December. Happy as a horse
shoulder-high in paddocks of grass,
come grasp the essence of this place.
Sort it out. You could do worse.
And don’t think you’ll simply traipse
the landscape, snacking on fine food,
there is no way you can escape
dialogue with the residents.
West of the Great Western Tiers,
“We’ve always done things that way, here”
masks a sensitivity
that can take strange forms: a too-high
voltage on an electric fence
(e.g.) shocks the cows. Can’t have that.
So pay close heed to what you’re told,
there is no room for idle chat.
They watch what you buy: avoid cheese
factories. They mustn’t ask
“Are you mainlanders?”, that easy
stigma by which they sort the world.
Wear disguise since you need to fit,
dress down, put on two or three shirts
one on another, hanging out;
no corduroys or chunky knits,
that’s what they sell to mainland folk
(“Mainlanders never get the joke”).
Once you plunge into the first
rippling, cultivated hills
rolling back from the ragged coast
note how a certain smugness fills
their fields with strange potato plants
—Dutch Creams, Bismarcks, Kennebecs—
hallucinatory pink poppies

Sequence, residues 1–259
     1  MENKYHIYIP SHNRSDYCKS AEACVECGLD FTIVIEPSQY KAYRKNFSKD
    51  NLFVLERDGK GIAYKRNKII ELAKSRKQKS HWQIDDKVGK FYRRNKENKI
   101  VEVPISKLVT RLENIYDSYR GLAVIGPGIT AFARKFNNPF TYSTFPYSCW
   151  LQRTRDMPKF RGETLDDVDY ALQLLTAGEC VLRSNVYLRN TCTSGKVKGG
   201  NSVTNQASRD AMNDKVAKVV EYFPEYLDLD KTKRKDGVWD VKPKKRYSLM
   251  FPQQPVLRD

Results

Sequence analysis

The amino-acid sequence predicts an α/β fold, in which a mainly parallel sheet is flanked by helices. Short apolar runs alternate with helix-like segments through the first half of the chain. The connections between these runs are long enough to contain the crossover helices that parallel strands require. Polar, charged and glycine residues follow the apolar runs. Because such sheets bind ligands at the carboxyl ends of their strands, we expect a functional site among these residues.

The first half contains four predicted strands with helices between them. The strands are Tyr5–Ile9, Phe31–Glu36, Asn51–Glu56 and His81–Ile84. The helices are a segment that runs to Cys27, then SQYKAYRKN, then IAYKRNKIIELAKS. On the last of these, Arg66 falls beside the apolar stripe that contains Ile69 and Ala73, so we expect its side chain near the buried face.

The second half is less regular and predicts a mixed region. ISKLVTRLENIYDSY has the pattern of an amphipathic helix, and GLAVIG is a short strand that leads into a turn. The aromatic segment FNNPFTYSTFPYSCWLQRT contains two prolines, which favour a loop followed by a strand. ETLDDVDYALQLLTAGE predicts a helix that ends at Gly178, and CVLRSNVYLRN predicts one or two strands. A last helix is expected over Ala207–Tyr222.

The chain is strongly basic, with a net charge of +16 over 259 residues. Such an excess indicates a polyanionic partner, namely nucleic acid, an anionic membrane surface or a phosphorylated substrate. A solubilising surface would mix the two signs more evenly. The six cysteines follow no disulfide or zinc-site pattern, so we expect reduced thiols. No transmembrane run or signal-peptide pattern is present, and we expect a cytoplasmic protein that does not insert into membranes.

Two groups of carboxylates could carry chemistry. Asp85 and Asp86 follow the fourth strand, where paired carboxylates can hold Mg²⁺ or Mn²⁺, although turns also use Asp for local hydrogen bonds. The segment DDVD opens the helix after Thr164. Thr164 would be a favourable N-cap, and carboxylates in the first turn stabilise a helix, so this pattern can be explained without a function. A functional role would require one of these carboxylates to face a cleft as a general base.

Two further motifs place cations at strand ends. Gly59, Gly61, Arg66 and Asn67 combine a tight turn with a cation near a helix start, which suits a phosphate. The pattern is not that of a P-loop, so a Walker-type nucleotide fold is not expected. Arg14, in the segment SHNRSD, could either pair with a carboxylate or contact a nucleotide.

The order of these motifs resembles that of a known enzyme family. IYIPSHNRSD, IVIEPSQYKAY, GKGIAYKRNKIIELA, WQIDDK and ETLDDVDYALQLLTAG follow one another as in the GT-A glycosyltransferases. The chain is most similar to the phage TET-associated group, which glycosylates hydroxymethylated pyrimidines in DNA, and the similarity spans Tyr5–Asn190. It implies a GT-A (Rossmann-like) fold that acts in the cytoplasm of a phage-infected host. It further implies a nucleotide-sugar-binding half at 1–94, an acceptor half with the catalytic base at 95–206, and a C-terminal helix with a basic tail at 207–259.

(“Better than Afghanistan’s”)
and they can tell fields from paddocks
(There’s a difference? “It is this:
fields feed humans, paddocks feed cows.”)
Don’t be fooled by rows of crazy
flowers, extravagantly sown
between the paddocks and the road
—rock roses, real roses, daisies,
King Solomon’s fishing rod—
they celebrate subjugation.
While you yearn for bluffs and crags
History still lurks deep within
everything they say and do.
Once they massacred the blacks
by various means; now they set
about the wild landscape and
plainly haven’t finished yet.
They will drop old growth, then plant
more trees and cut them down too
in a chaos of stumps and limbs
waiting to be burnt before
another mad planting begins.
I should stop at this point, lest
you think I exaggerate. More
awaits you than I could list,
go and discover it. Good luck.
And while you dodge the timber trucks
laden with prey, here’s some advice:
if you should meet other cars
keep your hands locked on the wheel,
make eye contact, lift one knuckle.
At least they greet you as you pass.